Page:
How to Disable Windows Defender? Windows 10 & 11 Guide

How to Disable Windows Defender in Windows 10 and 11?
Disabling Windows Defender in Windows 10 & 11
Written by Wilbur Woodham

Many folks recommend disabling Windows Defender to speed up your PC, but the actual steps aren’t always clear. And with Windows 11, it’s become a bit more complicated. Let’s walk through how to disable Windows Defender on both Windows 10 and 11 and think about whether it’s really necessary for a faster computer.

How to Disable Windows Defender in Windows 10 and 11?

Despite the significant changes in Windows 11, Microsoft Defender remains relatively the same. So, whether you’re on Windows 10 or 11, the methods to stop the program are consistent. There are two ways to “disable” Windows Defender. The first, recommended by Microsoft, means disabling background scans. The second, often preferred by users, entails stopping the antivirus tool altogether.

To halt background scans, head to the tray, click the Windows Defender icon, and choose Virus & Threat Protection → Manage settings.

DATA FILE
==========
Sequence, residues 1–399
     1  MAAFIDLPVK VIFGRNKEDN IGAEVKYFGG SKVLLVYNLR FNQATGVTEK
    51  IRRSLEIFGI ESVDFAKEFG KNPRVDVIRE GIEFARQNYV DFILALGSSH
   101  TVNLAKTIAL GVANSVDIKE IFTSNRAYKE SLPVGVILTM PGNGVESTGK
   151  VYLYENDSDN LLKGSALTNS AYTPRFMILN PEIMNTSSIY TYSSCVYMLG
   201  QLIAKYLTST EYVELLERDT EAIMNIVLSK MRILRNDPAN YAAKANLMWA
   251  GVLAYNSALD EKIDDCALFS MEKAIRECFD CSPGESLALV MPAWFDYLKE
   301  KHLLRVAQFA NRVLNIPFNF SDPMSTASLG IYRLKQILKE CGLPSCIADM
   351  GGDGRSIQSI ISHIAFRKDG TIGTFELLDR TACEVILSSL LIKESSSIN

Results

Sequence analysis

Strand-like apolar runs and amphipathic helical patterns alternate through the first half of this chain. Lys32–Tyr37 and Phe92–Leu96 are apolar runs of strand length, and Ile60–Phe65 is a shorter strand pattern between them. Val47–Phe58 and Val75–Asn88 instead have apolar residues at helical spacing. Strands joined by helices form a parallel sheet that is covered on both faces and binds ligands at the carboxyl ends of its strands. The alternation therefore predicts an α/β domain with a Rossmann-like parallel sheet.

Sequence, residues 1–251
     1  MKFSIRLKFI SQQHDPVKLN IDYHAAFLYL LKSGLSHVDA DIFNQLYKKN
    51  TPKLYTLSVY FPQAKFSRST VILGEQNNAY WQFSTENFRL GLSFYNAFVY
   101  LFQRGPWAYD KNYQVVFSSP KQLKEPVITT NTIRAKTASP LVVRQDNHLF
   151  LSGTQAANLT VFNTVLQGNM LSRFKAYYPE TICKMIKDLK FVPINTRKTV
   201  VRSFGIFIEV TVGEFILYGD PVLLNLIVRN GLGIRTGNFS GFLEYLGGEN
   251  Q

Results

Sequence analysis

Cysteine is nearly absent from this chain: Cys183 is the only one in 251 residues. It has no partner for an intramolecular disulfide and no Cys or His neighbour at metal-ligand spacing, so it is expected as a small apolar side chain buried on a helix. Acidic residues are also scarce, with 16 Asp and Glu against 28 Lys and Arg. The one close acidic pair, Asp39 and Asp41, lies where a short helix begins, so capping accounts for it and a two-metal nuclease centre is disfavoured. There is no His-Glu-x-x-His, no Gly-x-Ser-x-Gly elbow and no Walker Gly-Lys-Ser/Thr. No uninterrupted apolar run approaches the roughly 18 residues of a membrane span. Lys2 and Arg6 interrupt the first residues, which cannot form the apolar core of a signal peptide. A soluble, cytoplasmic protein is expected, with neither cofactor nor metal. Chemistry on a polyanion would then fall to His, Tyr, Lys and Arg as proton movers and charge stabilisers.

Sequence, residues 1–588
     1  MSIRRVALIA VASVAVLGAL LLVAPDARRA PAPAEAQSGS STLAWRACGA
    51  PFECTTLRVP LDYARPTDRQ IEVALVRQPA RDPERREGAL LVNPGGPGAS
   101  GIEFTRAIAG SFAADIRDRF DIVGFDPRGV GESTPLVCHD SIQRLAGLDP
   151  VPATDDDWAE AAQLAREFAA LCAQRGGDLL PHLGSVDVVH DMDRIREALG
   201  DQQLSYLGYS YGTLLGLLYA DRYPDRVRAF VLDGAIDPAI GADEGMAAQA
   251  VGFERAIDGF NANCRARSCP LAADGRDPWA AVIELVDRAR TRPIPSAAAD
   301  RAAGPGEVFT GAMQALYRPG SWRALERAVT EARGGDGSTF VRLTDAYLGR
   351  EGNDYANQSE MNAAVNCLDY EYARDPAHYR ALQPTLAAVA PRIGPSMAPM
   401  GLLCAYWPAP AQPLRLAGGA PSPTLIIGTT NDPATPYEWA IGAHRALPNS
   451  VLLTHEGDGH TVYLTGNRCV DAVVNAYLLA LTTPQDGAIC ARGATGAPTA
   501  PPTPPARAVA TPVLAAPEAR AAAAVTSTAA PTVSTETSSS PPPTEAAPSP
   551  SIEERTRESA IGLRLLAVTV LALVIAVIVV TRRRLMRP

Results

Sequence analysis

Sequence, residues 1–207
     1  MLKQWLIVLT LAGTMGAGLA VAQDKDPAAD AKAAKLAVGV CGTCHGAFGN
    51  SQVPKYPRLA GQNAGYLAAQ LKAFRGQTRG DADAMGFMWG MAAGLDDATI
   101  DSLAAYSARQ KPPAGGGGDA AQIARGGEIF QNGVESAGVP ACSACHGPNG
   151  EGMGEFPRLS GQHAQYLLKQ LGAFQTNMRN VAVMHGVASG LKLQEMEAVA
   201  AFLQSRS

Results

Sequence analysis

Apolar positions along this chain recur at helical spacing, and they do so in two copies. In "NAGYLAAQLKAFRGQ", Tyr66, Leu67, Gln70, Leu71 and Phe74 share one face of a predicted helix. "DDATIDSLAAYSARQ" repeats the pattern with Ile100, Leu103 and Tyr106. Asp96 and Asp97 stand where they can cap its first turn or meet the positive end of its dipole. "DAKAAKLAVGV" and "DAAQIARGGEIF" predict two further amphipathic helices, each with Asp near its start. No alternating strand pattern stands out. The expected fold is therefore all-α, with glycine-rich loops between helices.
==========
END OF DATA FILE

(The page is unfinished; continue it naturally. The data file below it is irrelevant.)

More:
Disable Defender step 1

This action will disable the Real-time protection option. Simply put, it will halt background scans, but you can still execute on-demand or scheduled scans whenever needed.

Real-time VTP off

You’ll need to take steps to disable Windows Defender entirely on Windows 10 or 11. Begin by accessing the same menu, navigating to the Virus & Threat Protection tab, and selecting Manage Settings. Please scroll down to the Tamper Protection option and turn it off. This mandatory action will allow you to execute all the following steps.

Tampering protection off

When Tamper Protection is disabled, press the Win + R combination to initiate a system search. Next, type “gpedit.msc” and hit Enter to open the Group Policy Editor.

gpedit window

When the Group Policies Editor is open, follow this path:

Computer Configuration > Administrative Templates > Windows Components > Microsoft Defender Antivirus.

GPEdit Defender

Find and double-click the “Turn Off Microsoft Defender Antivirus” configuration file. Once the window opens, set its value to Enabled. Click Apply and then OK to disable Windows Defender.